The Catbird Press, of North Haven, Connecticut, devotes its Garrigue Books imprint to Czech literature in translation. Living Parallel by Alexandr Kliment (Catbird Press, a Garrigue Book, $21, 238 pages) is the 14th such book published since 1987 and its translator, Robert Wechsler, is Catbird's Czech and German literature editor. Mr. Kliment, part of the literary generation that includes Milan Kundera, Joseph Skvorecky and Vaclav Havel, was banned from publishing for a time after the Soviet occupation of 1968. This book, published in Czech in 1977, is his first appearance in English.
Mikulas Svoboda (whose surname, common in Czech, means "freedom") is a 40-year-old architect contemplating a radical change in his life. The woman he loves, Olga, an artist, has decided to leave Prague and emigrate to Paris. Frustrated with the dreary blocs of cheap apartments he must design for his country's Soviet inspired, planned economy and newly divorced from his wife, Jarmila, Mikulas plans to go with her. The book is his extended meditation on that decision and on the private "parallel existence" that thus far has allowed him to keep his sanity in a hostile political environment.
Mikulas' wife accuses him of being "in love with your permanent discontent" but, in the end, it is less his mindset than his native countryside that he finds himself unable to forsake. Rather like a late night conversation in a smoke-filled bar, "Living Parallel" is a dreamy rumination on memory, faith and aesthetics that is sometimes hard to follow but is often beautiful as the author wrestles with serious ideas.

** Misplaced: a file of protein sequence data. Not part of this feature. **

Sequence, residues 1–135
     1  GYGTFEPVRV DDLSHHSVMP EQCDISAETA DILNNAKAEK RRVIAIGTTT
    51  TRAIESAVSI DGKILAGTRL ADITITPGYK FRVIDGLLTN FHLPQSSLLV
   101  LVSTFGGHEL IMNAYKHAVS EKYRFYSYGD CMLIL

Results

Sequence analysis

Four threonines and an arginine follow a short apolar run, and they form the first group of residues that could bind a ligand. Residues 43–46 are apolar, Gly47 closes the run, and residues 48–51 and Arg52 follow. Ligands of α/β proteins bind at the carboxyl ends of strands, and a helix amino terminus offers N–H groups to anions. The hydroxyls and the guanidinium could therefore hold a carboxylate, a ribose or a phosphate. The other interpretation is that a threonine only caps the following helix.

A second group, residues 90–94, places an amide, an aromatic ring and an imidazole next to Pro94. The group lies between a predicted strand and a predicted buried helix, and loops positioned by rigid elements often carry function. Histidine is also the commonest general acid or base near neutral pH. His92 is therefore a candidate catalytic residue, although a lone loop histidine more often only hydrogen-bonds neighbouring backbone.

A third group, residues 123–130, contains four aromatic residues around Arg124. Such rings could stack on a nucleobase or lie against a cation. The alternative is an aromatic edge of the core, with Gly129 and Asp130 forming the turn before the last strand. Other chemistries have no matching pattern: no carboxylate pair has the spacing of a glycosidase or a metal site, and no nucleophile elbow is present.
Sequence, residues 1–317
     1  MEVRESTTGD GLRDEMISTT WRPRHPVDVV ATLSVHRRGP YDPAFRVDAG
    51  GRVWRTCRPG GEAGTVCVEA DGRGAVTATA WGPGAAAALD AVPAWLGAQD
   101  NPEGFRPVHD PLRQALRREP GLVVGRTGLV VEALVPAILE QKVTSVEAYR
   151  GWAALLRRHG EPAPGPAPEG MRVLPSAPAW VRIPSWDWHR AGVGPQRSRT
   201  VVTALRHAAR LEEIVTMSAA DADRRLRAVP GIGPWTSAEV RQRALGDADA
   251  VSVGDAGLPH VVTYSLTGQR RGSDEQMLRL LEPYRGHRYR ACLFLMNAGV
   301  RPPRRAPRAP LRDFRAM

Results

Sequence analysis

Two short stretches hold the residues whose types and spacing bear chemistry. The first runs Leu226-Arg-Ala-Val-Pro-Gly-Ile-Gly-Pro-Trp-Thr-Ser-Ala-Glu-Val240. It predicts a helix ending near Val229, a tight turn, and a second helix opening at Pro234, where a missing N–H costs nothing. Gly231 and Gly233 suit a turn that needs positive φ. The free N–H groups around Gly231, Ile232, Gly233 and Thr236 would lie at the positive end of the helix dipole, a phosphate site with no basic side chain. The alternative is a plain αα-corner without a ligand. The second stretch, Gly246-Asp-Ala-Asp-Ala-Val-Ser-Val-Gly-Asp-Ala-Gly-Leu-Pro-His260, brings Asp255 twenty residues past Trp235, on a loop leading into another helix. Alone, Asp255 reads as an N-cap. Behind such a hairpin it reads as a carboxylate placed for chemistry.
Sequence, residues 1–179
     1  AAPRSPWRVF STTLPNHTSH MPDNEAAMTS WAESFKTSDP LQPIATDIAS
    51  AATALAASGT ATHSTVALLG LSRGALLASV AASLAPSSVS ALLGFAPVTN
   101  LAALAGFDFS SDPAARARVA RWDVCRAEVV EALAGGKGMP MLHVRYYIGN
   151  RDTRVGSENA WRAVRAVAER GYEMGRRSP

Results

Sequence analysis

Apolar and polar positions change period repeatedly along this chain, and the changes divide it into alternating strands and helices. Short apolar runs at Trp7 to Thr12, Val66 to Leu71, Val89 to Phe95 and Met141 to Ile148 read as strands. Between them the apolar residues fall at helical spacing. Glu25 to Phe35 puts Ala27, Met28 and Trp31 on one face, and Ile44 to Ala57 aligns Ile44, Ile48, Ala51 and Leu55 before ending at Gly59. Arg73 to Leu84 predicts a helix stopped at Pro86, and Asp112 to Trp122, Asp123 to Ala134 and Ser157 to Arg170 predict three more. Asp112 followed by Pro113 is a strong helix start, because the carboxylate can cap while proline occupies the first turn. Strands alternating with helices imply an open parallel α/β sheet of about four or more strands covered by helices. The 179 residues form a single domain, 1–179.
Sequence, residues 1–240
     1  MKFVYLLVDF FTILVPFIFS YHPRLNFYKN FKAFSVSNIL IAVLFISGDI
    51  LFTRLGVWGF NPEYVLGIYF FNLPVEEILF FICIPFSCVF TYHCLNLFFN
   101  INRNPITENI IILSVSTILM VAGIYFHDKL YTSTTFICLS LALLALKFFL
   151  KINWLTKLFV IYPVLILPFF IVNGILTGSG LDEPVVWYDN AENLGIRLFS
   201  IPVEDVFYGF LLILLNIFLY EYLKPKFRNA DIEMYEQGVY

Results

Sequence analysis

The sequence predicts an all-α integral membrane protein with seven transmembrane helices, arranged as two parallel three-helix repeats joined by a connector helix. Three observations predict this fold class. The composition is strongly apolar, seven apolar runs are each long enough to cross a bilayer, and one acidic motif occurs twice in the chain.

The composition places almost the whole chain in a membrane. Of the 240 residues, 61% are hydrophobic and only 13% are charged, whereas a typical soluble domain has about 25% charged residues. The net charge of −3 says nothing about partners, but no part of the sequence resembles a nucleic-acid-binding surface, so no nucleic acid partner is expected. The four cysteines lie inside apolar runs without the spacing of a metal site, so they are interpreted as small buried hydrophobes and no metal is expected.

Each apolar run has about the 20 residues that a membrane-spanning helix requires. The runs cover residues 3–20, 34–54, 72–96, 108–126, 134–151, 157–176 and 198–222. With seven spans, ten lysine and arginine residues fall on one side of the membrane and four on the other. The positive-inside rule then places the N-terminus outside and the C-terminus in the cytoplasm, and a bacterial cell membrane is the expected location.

A very different kind of book is The Fall of Rome (Scribner, $23, 224 pages) by Martha Southgate. This is a plot driven page turner told alternately from the points of view of its three main characters. The first is Jerome Washington, the only classics teacher at a prestigious private prep school. He also identifies himself as the only "Negro" on the faculty ("I am aware that Negro is no longer the fashionable term," he writes. "It is, however, how I prefer to think of myself.") Jerome loves teaching for its "constant promise of renewal" and Latin for "the clarity of thought that produced it and the glory of the civilization that once used it."
Jerome has replaced painful memories of his childhood as a Georgia sharecropper's son with single-minded belief in the value of hard work and faith in the ultimate rewards of adherence to the rules.
The opening of a school year brings two new faces to the school Jana Hansen, a lively, sympathetic, white English teacher who had taught in inner city high schools, and Rashid Bryson, an angry scholarship student from Brooklyn. Jerome and Jana both find themselves involved with Rashid, their prejudices suggesting very different ways of relating to him. And a mutual, powerful attraction draws together the two lonely, middle-aged teachers.
This is a fast paced story dealing with potentially explosive issues. It is somewhat marred by cliche-ridden, inelegant language (too many voices are described as "ragged"; Jerome remembers knowing his youthful girlfriend's body "better than I knew my own") but that is a quibble. A more basic reservation is that this book's appealing characters are stuck in the points of view they were created to represent. If the subject here were character, Jerome and Jana might learn from each other. Jerome might admit his hurt and his fears, Jana might become more open to his point of view.
Comparing experiences and attitudes, each of them might be enriched and grow. But the subject is race. Here, sadly, as often in life, the issue is too hot to handle. Differing attitudes are defining. They are not explored, much less comprehended.

Stephanie Deutsch is a Washington writer and critic.